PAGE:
1. Asar shalosh שָׁלוֺשׁ עֶשֶׂר (thirteenth) (known in the modern Jewish calendar as Adar Sheniy, which means renewed strength.)

Now we know the names of the months, but we don’t know how to calculate the days which begin the month, and we don’t know how to calculate the day of the first month. This has been a question for some time, but we can get a hint about how we calculate the first day of the month, for the first day in Hebrew is called Rosh HaKhodesh החודש ראש, which also means the New Moon.  Isn’t that convenient?

There is but one verse that reveals to us when the Rosh HaKhodesh is calculated, and this is:

Tehilliym (Psalms) 81:3

Blow upתָּקַע  the shofarשׁוֺפָר  in the new moon חֹדֶשׁ, in the time appointed כֶּסֶא, on our solemn feastחָג  day יוֹם.

There is a debate between the word found here, which is kehseh כֶּסֶא, which means (apparently) a feast of the moon, versus the word kahsah כָּסָה, its root, which means to cover, clothe, hide or conceal.

And what a debate this is!  Because there is only one sacred day which takes place on the first day of the month, this day is then exalted by this very verse to a “solemn feast day.”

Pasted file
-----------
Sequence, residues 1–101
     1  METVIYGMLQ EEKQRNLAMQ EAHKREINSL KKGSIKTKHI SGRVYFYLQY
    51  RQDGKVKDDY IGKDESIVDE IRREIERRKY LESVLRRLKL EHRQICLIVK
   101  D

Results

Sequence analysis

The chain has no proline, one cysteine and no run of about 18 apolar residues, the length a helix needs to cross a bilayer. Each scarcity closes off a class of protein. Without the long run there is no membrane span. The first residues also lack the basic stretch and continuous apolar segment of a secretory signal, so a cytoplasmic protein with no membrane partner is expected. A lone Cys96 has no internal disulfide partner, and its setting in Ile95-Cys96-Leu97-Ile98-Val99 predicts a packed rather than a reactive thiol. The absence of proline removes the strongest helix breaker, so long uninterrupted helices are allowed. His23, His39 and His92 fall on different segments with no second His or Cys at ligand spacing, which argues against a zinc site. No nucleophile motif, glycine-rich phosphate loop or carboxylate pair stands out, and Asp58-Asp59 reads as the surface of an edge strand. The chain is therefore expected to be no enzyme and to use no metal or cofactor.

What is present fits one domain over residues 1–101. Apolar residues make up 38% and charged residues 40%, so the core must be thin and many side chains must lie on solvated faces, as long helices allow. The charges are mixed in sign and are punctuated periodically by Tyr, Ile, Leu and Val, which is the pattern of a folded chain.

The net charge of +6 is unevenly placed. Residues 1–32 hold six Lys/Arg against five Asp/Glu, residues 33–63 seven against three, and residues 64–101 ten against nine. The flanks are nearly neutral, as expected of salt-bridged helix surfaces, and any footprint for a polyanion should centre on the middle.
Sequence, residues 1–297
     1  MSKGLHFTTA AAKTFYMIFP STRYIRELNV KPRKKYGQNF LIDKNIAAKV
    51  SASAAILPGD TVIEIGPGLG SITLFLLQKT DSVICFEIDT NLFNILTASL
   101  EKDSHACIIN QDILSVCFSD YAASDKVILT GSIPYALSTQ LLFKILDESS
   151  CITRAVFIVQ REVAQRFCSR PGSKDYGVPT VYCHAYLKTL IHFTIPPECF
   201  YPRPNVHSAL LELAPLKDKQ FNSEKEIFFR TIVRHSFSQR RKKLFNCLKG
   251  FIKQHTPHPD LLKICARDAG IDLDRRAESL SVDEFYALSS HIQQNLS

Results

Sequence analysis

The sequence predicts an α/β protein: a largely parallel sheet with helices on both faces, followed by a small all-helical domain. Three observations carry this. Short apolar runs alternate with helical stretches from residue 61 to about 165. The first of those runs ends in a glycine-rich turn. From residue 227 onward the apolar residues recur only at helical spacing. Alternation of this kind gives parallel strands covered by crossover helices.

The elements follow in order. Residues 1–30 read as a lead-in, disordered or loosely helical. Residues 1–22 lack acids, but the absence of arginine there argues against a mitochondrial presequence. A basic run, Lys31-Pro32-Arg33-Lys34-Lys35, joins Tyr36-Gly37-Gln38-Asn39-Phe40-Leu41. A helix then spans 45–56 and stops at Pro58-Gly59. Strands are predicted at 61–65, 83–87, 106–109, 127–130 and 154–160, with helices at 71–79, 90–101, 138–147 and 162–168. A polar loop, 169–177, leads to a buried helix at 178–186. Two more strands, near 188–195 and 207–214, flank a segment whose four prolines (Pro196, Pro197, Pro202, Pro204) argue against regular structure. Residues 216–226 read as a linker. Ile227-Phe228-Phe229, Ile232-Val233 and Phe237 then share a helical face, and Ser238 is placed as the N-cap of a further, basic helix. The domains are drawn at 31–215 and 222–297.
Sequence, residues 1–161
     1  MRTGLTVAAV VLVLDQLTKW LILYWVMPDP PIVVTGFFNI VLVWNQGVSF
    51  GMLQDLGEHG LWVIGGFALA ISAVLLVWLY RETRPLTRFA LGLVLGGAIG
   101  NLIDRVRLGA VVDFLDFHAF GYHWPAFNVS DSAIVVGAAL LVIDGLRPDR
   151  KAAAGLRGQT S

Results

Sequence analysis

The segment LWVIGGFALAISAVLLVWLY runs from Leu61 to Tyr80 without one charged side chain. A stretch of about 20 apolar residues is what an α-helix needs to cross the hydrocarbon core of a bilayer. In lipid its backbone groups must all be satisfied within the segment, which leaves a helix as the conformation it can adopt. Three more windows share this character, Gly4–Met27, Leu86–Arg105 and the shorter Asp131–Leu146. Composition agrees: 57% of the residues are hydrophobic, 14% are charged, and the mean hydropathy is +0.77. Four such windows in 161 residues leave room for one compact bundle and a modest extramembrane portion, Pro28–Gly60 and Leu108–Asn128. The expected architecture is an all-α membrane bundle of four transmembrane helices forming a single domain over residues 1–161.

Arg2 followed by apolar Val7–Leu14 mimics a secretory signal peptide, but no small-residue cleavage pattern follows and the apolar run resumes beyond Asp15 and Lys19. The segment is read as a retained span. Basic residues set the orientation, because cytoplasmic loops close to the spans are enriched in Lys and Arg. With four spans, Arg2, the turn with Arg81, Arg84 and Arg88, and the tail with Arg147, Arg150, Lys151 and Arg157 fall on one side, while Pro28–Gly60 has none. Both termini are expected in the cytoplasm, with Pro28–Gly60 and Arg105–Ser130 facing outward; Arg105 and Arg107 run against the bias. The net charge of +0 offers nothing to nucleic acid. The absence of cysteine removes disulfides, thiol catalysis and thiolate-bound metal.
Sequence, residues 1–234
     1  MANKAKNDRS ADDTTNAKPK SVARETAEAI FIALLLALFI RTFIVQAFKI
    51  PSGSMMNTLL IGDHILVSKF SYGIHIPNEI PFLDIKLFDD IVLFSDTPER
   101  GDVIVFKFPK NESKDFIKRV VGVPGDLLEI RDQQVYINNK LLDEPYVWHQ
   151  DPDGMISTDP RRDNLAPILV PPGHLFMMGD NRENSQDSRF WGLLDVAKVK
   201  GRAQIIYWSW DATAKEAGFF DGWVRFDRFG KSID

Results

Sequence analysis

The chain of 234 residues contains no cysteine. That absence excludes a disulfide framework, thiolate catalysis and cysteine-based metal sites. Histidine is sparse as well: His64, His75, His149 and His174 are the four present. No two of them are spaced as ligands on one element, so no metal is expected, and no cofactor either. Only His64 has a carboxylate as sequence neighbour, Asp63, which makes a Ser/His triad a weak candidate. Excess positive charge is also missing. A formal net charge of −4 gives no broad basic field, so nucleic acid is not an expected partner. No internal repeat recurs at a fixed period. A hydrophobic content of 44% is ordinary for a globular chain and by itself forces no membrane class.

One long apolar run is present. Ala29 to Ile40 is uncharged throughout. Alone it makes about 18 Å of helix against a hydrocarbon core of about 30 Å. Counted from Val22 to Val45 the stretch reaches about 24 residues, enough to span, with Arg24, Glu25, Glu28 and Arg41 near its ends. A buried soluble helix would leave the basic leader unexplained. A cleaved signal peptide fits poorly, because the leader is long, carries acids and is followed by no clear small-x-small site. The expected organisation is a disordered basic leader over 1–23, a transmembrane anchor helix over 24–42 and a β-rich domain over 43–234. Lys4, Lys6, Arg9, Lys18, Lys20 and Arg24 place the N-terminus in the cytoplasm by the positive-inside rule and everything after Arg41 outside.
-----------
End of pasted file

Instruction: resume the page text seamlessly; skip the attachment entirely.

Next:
Vayiqra (Leviticus) 23:24

Speakדָּבַר  unto the childrenבֵּן  of Israel יִשְׂרָאֵל, saying אָמַר, In the seventhשְׁבִיעִי  month חֹדֶשׁ, in the first אֶחָד  day of the month חֹדֶשׁ, shall ye have a sabbath שַׁבָּתוֺן, a memorialזִכָּרוֹן  of blowingתְּרוּעָה  of trumpets, an holyקֹדֶשׁ  convocation מִקְרָא.

This day is known as the day of shofar (trumpet) blowing, or Yom Teruah תְּרוּעָה.  Looking at the Psalm again, we find that a shofar is blown in the new moon, on our solemn feast day; so it seems to fit.

But Yom Teruah is not a solemn feast day; rather it is a miqra מִקְרָא, which means a public assembly; a convocation.  The feasts are specifically denoted as the feast of Matza מַצָּה (unleavened bread), the feast of Shevua שָׁבוּעַ (weeks) and the feast of Sukkah סֻכָּה (tabernacles) or Sukkoth in the plural.